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Interviews

Steve Turre: Shell 'n' 'Bone Man

By Published: February 23, 2009

AAJ: Is there much assistance from the government in terms of grants or sponsorship to help young jazz musicians with the cost of traveling or accommodation and so on?

ST: Well, they got the National Endowment for the Arts, but that's more for organizations. I think they give more money to orchestras and Lincoln Center Jazz and organizations like that, than they do the individual. They give small grants to individuals, but not enough to do anything substantial.

AAJ: You've been involved in jazz for forty years and you've seen a lot come and go. Do you keep up at all with the new jazz coming from Europe and from other places?

ST: What are you talking about? Are you talking about where it's all straight eighth notes and it's all about 17 and 24 and odd meters and there's no blues in it at all, and there's no swinging and there's no sense of African rhythm? Yeah, I'm familiar with it, but it doesn't make me feel anything.



The music's gotta have the African root—that's where the music comes from. When you cut the root of the tree, the tree dies. As far as I'm concerned, that shit is a branch that's not gonna get any light and eventually it's gonna die, because there ain't no African root in it. They're deliberately leaving that part of it out.

AAJ: Yeah, but if you're from Norway or from England...

Steve TurreST: They got a lot of that in academia here too, and they're promoting that here. Without naming any names, a lot of the stuff here is going that direction and I'm wondering if they're doing it just 'cause it's the flavor of the month or if they really are into it.



I don't know any trumpet player who can play more creatively, and more profoundly technically, harmonically and rhythmically than Dizzy Gillespie. He was the most advanced of anybody I ever heard, of anybody today or in the past.

AAJ: Sure, but he's an exceptional case, no?

ST: Well yeah, but I'm just saying that Dizzy always loved to play the blues. He wasn't too good to play the blues; he wasn't too good to play "Night in Tunisia" every night. I always enjoyed playing it with him but I asked him one night, "Diz, don't you ever get tired of playing that song?" and he said, "No, I'm honored that the people want to hear it and if I don't play it, I know they're gonna be disappointed." He said it's a privilege to be able to play a song like that you've written that means something to people.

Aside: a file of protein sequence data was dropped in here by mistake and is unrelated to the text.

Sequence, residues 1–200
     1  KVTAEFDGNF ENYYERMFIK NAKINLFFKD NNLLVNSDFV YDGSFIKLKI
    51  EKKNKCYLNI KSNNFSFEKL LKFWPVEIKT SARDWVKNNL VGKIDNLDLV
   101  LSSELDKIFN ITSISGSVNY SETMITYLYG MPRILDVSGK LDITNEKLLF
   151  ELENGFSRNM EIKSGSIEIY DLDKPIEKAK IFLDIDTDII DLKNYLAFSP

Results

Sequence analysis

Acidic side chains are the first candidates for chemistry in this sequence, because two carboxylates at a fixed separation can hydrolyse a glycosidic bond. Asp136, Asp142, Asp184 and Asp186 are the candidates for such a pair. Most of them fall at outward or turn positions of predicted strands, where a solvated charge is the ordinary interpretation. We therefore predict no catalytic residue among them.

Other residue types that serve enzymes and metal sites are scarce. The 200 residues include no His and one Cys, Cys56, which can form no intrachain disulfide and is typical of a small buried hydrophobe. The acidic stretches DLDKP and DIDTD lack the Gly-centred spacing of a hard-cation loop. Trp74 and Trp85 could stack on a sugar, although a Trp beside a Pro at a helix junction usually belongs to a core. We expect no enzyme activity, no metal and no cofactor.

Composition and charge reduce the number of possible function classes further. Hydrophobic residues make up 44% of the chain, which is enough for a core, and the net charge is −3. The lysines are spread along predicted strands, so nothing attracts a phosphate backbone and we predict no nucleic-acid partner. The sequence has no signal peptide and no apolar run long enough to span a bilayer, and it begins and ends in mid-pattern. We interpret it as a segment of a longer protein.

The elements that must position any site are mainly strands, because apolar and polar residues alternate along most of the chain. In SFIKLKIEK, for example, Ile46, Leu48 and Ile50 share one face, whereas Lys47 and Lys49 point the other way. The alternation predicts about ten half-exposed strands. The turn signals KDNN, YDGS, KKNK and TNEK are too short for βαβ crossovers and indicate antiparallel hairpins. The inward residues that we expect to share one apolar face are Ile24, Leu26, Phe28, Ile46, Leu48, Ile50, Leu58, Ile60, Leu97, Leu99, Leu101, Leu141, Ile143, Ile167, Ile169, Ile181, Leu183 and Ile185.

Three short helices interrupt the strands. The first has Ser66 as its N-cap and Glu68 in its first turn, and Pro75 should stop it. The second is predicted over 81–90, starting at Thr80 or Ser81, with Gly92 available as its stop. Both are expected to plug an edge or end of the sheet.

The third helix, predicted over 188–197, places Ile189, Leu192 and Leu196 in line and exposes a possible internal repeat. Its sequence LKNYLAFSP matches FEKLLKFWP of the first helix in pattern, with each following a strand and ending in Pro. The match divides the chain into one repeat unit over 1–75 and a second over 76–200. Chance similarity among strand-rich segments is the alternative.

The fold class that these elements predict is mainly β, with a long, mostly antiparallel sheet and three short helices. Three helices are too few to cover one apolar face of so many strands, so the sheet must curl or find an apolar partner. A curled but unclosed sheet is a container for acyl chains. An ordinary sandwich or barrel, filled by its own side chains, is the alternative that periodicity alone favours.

And it's interesting because Miles was always evolving and a lot was written about that and it was true—he did one thing and then evolved into another thing, and it was great—but Dizzy did a lot of things too. Dizzy was not just the father of bebop, he's the father of world music. He did records in the '50s with tango, with Persian musicians—well, they call it Iran now—he was the father of Latin jazz, he did records with Stevie Wonder

Stevie Wonder
Stevie Wonder
b.1950
keyboard
. But he would still play all the music. He never limited himself and said, "This is old, that is new," he just said, "It's beautiful."



Miles—even though he would constantly evolve, and I think that's wonderful and it's inspirational—he would always have a groove. Everything I ever heard Miles Davis

Miles Davis
Miles Davis
1926 - 1991
trumpet
do always had a heavy African feel, in rhythm. The groove was always there; he didn't abandon the groove just to be different.

AAJ: You talked about Dizzy playing "Night in Tunisia" all the time. How much of a consideration is it for you when you come to make a set list for a gig? Are you happy to play the same set or are you always mixing it up?

ST: I'm constantly shuffling the deck. I have different bands that play different things, but I always like to include a blues of one form or another, maybe not always the same tune. I always include a ballad and I always like to include some kind of up-tempo number. I'll do some stuff off my new record, I might do some compositions that I haven't recorded yet, and then I might do a standard. I might do some songs from some of my past albums. It's not a set formula; I'm always shuffling the deck.

AAJ: You've played with a long list of great musicians during your career. Is there anybody who you haven't played with who you would like to?

ST: Well, it ain't going to happen but I've always wished I could play with Sonny Rollins

Sonny Rollins
Sonny Rollins
b.1930
saxophone
. But I don't think that's gonna happen because he already has a fine trombone player, Clifton Anderson
Clifton Anderson
Clifton Anderson
b.1957
trombone
, who happens to be his nephew, and I know them both and love them both. And they're friends; they play so well together they don't need me in there messing it up [laughs].



Clifton's been playing with Sonny for twenty-something years, but I sure would love to experience playing with Sonny because he's incredible. I know I'd learn a lot. I also always wished I could have played with Miles, but that wasn't meant to be. The only trombone player Miles ever used was J.J. [Johnson]. And J.J. was...wow, J.J. did for the trombone what Charlie Parker did for the saxophone; ain't nobody come along yet to surpass what he did.



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